Sometimes we get past Easter and think that the big celebrations of the Church are over until next Christmas. The truth is that is not the case, for the Church also has another great celebration called Pentecost, which this year will be on Sunday 27th May.
As Christians we often make reference to God the Father and our Christmas Celebration reflects the Father’s concern for us, his children, that he offered a way back to humanity who had lost contact with him. The plan involved coming to earth as a baby and living as God on earth and we know him as Jesus. Jesus, our second view of God, died on a cross and was raised to life that the living relationship with God could be restablished. Pentecost concludes the story because Jesus promised he would not leave us alone and gave us the Holy Spirit to help us as we live our lives. The Holy Spirit is the third view of God.
So if Pentecost concludes the plan, why do we so often downplay this event in the life of the church? Many people are not sure of the Holy Spirit, because they are unsure about some of the gifts the Holy Spirit offers to the church. We are usually comfortable with the fact that God is with us and if we perceive the Holy Spirit in that way it’s Ok, so we look to the fruits of the Spirit as set out in the letter of Paul to the Galatians,
“The fruit of the Spirit is love, joy, peace, patience, kindness, goodness, faithfulness, gentleness and self control.” (Galatians 5 v22)
Most people (not just Christians) would agree that these are good things to aspire to and the Bible tells us if we follow God that we should see all of these fruits developing in our lives. It is not a once and for all change but a development over time as we are slowly and gently encouraged to develop by a loving God who cares deeply for us. Of course, that means we are not fully there yet and so, as human beings, we are indeed capable of behaving in ways that are the opposite of the fruit God longs to see in our lives.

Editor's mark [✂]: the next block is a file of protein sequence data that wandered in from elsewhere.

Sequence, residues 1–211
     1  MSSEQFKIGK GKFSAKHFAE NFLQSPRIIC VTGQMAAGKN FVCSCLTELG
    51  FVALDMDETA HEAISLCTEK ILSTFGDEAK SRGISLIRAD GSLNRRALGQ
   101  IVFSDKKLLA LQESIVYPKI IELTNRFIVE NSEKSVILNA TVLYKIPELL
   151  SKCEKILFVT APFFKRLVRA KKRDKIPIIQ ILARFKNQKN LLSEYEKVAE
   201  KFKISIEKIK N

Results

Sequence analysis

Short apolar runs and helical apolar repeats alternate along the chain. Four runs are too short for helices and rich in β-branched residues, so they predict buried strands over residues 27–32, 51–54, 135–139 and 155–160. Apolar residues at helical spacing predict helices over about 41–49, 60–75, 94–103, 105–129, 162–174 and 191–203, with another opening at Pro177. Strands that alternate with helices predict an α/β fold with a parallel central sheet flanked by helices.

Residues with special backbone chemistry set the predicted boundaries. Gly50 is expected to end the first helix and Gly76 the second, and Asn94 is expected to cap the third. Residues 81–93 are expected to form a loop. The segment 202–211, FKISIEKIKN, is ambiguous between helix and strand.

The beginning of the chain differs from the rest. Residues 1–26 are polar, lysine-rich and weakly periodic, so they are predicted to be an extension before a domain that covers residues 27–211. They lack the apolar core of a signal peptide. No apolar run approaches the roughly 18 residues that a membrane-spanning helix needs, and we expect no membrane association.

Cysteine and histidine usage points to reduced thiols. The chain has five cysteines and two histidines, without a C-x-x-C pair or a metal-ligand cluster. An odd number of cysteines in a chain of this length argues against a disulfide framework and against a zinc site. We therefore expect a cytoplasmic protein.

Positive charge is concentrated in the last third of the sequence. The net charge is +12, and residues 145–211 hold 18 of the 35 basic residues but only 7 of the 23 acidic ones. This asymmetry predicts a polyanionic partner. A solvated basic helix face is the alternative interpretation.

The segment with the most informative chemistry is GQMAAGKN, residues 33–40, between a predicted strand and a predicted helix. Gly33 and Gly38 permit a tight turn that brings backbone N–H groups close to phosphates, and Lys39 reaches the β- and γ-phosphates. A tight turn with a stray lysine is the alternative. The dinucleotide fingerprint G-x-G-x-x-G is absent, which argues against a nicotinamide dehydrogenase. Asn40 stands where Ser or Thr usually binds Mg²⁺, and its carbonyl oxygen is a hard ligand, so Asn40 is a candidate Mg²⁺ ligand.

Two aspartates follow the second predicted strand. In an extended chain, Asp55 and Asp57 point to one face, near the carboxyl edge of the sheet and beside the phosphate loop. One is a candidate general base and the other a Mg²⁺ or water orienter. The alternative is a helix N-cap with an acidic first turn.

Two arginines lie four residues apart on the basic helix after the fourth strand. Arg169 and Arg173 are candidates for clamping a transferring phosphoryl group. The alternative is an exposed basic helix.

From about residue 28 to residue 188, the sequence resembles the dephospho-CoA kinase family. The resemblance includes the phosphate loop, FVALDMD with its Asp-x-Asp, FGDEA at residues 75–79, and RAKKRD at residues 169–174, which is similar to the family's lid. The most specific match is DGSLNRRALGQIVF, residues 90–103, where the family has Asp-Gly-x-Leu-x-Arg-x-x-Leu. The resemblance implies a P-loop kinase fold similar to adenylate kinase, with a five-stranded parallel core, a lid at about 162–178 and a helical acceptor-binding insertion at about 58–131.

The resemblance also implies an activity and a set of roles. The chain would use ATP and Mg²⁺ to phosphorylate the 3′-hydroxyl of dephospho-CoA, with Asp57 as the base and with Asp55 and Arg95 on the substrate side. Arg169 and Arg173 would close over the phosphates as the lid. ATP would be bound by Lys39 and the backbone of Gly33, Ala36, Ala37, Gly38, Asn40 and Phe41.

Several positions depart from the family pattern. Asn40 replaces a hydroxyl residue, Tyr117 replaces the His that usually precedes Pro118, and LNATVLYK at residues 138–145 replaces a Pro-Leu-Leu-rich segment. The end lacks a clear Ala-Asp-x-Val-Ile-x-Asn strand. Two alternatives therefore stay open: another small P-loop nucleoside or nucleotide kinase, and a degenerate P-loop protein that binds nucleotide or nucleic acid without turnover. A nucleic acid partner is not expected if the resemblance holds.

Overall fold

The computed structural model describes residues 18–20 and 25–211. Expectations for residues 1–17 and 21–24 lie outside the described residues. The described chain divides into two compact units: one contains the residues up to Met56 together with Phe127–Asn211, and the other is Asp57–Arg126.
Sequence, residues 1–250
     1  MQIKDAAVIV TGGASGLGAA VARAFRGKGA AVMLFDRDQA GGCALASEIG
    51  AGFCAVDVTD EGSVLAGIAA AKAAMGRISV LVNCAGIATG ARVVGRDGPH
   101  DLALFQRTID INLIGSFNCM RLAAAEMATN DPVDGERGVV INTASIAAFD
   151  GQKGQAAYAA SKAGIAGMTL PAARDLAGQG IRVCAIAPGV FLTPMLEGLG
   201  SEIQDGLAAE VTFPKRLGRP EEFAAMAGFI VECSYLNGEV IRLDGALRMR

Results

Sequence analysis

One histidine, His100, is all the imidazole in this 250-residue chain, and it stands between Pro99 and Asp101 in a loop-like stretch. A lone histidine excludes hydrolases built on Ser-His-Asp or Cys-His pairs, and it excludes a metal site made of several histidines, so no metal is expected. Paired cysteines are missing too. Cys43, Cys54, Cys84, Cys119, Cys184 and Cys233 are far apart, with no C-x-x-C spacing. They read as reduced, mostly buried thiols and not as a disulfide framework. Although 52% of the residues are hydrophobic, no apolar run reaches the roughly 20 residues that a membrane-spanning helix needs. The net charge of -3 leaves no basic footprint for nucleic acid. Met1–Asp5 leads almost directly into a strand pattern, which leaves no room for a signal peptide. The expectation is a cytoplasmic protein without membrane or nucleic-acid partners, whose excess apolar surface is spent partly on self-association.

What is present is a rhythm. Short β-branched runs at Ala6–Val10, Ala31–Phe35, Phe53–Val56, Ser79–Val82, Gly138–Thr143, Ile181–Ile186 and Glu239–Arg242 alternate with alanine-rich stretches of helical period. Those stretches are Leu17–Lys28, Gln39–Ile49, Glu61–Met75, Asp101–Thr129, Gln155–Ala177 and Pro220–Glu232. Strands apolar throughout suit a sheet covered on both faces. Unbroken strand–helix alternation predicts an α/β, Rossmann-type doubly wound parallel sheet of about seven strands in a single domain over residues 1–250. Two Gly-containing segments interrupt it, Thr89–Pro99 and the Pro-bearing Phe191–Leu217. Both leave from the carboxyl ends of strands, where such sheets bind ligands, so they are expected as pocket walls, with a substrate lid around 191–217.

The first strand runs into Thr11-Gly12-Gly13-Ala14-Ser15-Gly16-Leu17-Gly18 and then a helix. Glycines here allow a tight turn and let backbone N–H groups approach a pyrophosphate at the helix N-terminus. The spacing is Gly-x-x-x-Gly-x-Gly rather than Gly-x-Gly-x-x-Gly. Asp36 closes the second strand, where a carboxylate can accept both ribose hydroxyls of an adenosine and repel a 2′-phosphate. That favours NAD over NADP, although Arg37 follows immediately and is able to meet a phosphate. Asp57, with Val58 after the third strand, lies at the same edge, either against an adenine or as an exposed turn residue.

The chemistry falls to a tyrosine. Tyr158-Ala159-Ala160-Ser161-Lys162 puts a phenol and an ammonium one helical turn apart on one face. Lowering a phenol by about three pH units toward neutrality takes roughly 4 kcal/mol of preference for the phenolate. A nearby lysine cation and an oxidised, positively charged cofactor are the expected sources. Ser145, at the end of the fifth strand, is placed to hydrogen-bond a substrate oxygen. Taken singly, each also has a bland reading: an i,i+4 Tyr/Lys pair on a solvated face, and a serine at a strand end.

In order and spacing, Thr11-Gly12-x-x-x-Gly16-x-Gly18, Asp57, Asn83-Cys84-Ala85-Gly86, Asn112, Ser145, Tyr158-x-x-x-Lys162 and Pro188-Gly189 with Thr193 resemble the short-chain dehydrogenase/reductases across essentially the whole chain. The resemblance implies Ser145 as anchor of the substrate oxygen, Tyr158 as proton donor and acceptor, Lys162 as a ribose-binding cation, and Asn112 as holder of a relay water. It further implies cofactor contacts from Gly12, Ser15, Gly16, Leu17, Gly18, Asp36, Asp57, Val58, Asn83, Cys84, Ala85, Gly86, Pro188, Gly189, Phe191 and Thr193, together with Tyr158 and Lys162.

We need to be honest and recognise that possibility in ourselves and in those we worship with within the community of the Church. In recognising that fact we need to focus on encouraging those who fail and this starts by us all having an attitude of forgiveness to one another. In so doing we recognise that we have a significant part to play in God’s redemption of the world. In the Lord’s Prayer we are reminded that God forgives us as we forgive those who trespass against us.
The fruit of the Spirit is both an increase in the gifts Paul lists in Galatians and an increase in our ability to forgive others. May we spend our time actively looking for the development of the fruit in our lives and in those we know and as we see God developing us, let’s give thanks and celebrate together.
The fruits are but one part of the generosity of God to us through the Holy Spirit. Not only does God offer us the chance to develop our personal character, he also wants us to be fully engaged in the work of the Kingdom. Paul records a number of gifts and skills given to the people of God for the benefit of the church, gifts which include preaching and teaching, evangelism, administration and hospitality amongst many others.
Perhaps here we are more reluctant to step forward but the Bible tells us that everyone is given a gift to use in the Church. In this way God demonstrates to us that we are a community, that we need each other, because each of us brings something valuable and important to the work of the local church. After all it is through the local church (the people of God) that God so often reaches out to those who do not yet know him. So we need to ask God what he is asking us to do for him. The joy is that his gifts are so varied there is something to suit everyone.
In Acts Chapter 2 we read of an event where the Holy Spirit descended on a great number of people and those present from many nations heard God speaking to them in their own language. It’s a wonderful picture of God being present with his people and one which resonates with us as Epsom Methodist Church as we have members from a great number of places around the world.
That first Pentecost encouraged the people present and many we are told committed their lives to God on that day. As we look towards this Pentecost may we too gather expectantly to see what God might do in our lives as individuals and as the gathered people of God in Epsom.